Despite redistricting victories earlier this year that concentrated the voting powers of South Asian Americans in Queens in ways they had never been before, when voters go to the polls next week they will find no South Asian ethnic candidate on the ballot for either state Assembly, state Senate or district leader.
This is despite the fact that the highest concentrations of the city’s South Asian population — one count puts it at 62 percent — exists in Queens in a large swath stretching from Richmond Hill and South Ozone Park to Queens Village and areas of Flushing, Rego Park and Jackson Heights.
In fact, the U.S. census put the Queens South Asian population hailing from countries like Bangladesh, India, Pakistan and Sri Lanka at such a high level that the city was required to provide additional Asian-language ballots in those neighborhoods for the November general election. Bengali was chosen as the language.
“We began a few years ago to look at this issue from a different perspective,” said Jerry Vattamala of the Asian American Legal Defense and Education Fund, one of the groups that advocated for creating unified South Asian districts.
“We tried to figure out why there weren’t any South Asians in the City Council, the state Assembly or the state Senate. What we hit upon was despite the fact people were registered to vote and the community gives regularly to campaigns and there’s this nascent political identity, it wasn’t translating into people running for office,” he said.
What Vattamala’s group and others such as Taking Our Seat and the Asian American Community Coalition on Redistricting and Democracy found was that the South Asian population had been divided among the various district boundaries that crisscrossed their communities.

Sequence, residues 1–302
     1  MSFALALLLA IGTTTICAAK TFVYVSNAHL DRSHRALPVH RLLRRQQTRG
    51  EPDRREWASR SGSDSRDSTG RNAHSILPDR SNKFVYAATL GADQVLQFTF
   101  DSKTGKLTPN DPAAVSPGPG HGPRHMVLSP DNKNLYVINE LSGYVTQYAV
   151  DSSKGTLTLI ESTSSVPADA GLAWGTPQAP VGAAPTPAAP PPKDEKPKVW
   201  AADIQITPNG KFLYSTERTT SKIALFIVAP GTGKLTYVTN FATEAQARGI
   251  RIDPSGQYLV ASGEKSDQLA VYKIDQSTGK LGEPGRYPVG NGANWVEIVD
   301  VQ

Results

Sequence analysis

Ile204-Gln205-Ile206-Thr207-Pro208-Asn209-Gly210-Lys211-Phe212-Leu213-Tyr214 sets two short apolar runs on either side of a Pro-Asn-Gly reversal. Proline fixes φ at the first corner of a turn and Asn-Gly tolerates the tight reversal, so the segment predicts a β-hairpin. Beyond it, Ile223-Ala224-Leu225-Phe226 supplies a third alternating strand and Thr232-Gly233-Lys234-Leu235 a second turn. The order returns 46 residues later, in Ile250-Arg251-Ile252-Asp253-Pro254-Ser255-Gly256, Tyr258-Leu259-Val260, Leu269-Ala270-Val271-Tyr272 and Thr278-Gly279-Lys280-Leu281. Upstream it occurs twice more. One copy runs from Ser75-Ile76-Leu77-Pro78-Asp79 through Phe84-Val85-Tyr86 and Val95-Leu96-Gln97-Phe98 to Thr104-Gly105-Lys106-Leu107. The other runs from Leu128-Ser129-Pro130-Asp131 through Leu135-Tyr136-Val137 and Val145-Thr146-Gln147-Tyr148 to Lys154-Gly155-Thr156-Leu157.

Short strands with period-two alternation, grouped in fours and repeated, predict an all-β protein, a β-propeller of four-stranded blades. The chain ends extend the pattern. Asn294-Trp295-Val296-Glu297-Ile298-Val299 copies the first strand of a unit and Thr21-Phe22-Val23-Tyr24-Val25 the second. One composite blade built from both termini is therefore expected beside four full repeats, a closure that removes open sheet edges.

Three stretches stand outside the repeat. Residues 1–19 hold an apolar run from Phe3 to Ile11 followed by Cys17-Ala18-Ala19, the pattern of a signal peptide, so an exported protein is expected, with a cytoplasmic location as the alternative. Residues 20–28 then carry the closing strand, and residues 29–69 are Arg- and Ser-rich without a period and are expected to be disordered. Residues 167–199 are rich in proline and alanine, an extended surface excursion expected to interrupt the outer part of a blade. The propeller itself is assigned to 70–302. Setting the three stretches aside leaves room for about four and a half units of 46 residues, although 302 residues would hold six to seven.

“South Asian votes and voters were being diluted. Their power was diluted by the way the existing lines were drawn,” Vattamala said.
In the worst case, the area including parts of Bellerose, Floral Park, Glen Oaks, Jamaica Estates, Jamaica Hills, Briarwood and Richmond Hill was divided among six different Assembly districts and among six different Assembly members who constituents felt did not make them a priority.
That changed when the area was reconstituted as the 24th District, whose representative, Assemblyman David Weprin (D-Little Neck), is running unopposed in the primary.
There are impediments to getting a South Asian candidate on the ballot. For one, even in the 24th District South Asians only represent a plurality among other groups such as whites and Latinos.
The populations in Richmond Hill and South Ozone Park, Vattamala said, represent a second wave of immigrants who left India for places like Guyana and Trinidad before coming to the United States, and it is the only neighborhood in the city where as many as 10 percent of respondents listed “other” as their ethnicity on the census.
The same groups that got together on state redistricting are now working on uniting South Asian communities as the city goes through its redistricting process for city offices.
Vattamala said redistricting victories pave the way for ethnic candidates to come forward, but it is up to their communities to field them.
“The seed has been planted,” he said.
Reach reporter Rich Bockmann by e-mail at rbockmann@
©2012 Community News Group
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